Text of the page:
While minister for women and child welfare Pankaja Munde was in Mokhada and Jawhar to take stock of the malnutrition deaths on Wednesday, two-year-old Rahul Wadkar of Jawhar died during treatment at a civic hospital in Nashik on Wednesday because of a malnutrition-related illness.
Rahul, a resident of Ruighar in Bogdari gram panchayat in Mokhada in Jawhar, was admitted to Cottage Hospital, Jawhar on September 19. Vivek Pandit, former MLA and president of Shramjivi Sanghatana, who rushed Rahul to hospital on Tuesday, said, “When will the state government be more serious about such deaths in Jawhar and Mokhada and Vikramgadh. All these places are just 100km away from Mumbai.”
Munde said the previous UPA government was also equally responsible for the malnutrition deaths in the district. She was reacting to a remark made by Leader of Opposition Ramakrishna Vikhe Patil, who blamed the Fadnavis government for failing to tackle the issue.
Munde said the government will fill all vacant posts in Palghar district and take special efforts to rid the area of social evils. Pandit did meet Munde and presented a 25-point agenda to tackle tribal issues, including the appointment of child specialists in each rural hospital, providing three ambulances in Vikramgadh and introducing a ‘108’ emergency service.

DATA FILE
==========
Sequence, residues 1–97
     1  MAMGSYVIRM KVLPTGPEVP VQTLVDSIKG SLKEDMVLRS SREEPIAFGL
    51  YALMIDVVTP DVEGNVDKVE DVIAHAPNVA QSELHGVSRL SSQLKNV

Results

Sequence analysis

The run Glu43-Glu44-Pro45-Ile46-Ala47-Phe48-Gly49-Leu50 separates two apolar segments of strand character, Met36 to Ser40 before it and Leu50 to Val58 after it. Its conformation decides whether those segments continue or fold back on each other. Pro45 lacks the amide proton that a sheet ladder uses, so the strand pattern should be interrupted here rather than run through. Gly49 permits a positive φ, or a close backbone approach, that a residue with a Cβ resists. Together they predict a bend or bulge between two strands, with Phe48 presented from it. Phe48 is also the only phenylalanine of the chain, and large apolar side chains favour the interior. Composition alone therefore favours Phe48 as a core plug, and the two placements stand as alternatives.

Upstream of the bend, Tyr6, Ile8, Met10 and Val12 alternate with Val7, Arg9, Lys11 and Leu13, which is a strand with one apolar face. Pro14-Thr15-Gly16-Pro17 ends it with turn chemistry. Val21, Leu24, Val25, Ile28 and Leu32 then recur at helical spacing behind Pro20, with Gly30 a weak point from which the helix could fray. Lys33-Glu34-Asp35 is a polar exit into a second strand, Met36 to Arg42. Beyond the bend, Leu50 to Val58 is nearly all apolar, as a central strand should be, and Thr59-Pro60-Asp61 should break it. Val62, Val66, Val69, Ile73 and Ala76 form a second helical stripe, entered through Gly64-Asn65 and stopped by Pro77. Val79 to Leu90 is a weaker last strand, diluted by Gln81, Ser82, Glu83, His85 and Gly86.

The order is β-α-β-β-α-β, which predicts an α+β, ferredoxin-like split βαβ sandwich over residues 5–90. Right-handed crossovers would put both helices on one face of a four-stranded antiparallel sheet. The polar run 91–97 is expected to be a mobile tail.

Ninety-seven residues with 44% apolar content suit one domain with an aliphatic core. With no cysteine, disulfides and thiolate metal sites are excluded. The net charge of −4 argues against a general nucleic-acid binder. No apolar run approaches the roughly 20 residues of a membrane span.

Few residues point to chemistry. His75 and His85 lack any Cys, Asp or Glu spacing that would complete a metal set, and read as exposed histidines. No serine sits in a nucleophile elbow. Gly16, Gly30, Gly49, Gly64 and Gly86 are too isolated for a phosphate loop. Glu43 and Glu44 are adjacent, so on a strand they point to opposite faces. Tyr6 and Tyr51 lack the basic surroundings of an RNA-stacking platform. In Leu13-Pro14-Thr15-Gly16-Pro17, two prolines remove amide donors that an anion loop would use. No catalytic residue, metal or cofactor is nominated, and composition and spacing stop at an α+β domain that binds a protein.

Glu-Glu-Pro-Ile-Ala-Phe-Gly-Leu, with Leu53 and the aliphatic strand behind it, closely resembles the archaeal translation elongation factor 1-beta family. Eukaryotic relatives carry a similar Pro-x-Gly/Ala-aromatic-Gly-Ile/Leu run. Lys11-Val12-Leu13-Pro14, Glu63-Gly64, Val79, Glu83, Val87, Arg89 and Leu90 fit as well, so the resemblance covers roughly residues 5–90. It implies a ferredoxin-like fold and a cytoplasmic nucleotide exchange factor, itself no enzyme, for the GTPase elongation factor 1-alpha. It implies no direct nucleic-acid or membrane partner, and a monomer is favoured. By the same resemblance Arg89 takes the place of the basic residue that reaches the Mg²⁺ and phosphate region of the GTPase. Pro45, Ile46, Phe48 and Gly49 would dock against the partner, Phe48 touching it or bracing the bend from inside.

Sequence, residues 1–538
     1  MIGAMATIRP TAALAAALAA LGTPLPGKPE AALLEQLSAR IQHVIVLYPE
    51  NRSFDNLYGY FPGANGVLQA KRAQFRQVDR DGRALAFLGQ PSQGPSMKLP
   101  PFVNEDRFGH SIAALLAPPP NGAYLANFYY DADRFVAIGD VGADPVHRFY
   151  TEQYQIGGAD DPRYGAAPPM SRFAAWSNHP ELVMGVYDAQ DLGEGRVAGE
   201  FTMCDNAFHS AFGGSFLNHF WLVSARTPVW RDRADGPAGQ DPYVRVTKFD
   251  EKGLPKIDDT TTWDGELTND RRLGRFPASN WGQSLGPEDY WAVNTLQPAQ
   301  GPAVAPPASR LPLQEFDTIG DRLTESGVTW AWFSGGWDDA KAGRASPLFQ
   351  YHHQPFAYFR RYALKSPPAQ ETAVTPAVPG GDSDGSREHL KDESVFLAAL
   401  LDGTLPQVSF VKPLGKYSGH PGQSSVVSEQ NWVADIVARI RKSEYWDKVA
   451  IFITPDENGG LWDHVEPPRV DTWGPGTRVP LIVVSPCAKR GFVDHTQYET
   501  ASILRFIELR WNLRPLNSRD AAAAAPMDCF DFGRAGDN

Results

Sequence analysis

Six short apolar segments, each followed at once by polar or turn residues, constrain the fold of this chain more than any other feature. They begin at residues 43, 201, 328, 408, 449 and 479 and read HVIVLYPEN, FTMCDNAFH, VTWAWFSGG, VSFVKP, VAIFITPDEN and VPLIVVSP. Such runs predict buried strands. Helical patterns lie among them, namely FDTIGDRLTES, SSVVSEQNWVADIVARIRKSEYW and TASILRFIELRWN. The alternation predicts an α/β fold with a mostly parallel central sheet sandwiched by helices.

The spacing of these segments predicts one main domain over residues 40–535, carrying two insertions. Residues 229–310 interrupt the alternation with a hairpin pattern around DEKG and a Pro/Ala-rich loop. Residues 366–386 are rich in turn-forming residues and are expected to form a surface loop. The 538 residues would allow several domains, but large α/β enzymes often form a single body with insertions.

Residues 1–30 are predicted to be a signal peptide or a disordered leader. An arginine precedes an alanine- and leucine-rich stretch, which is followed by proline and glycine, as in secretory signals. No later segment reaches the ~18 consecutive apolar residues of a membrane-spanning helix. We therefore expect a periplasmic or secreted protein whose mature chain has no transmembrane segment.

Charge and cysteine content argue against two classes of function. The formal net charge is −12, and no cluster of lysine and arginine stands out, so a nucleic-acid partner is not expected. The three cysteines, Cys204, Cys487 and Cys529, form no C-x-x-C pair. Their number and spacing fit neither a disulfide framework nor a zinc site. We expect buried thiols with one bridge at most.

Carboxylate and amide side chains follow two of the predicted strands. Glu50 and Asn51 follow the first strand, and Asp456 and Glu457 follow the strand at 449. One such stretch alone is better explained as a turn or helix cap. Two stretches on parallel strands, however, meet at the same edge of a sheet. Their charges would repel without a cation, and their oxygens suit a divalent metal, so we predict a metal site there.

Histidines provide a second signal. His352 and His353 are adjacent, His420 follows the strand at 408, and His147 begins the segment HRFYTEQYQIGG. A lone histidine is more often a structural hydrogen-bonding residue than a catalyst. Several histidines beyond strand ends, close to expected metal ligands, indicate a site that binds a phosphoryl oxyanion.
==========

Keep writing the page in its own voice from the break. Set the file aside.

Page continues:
Palghar district has reported 12 malnutrition-related deaths in the past 30 days and around 7,200 children between the ages of 0-6 years suffer from Severe Acute Malnutrition (SAM) and Moderate Acute Malnutrition (MAM).
Dr Ratna Raokhande, deputy director of the state government’s health department, Mumbai, however, claims the actual number of children suffering from malnutrition is 4,691. She said the actual reason for the deaths is not malnutrition, but incomplete treatment. “The 21-day treatment required for a malnutrition case has to be completed at a stretch, which the parents do not follow and hence the child develops other complications,” she said.
“The parents are unable to follow the 21-day regime because sometimes they have to migrate to find employment as labourers and are forced to carry the kids along with them, which breaks the treatment cycle. A lack of awareness among the tribals when it comes to malnutrition and its treatment is another factor,” Raokhande said. The locals have alleged it is difficult for them to stay unemployed to focus on the 21–day treatment period and are forced to migrate for employment. A few of them have also blamed poor amenities at the hospital for a family member to stay with the child.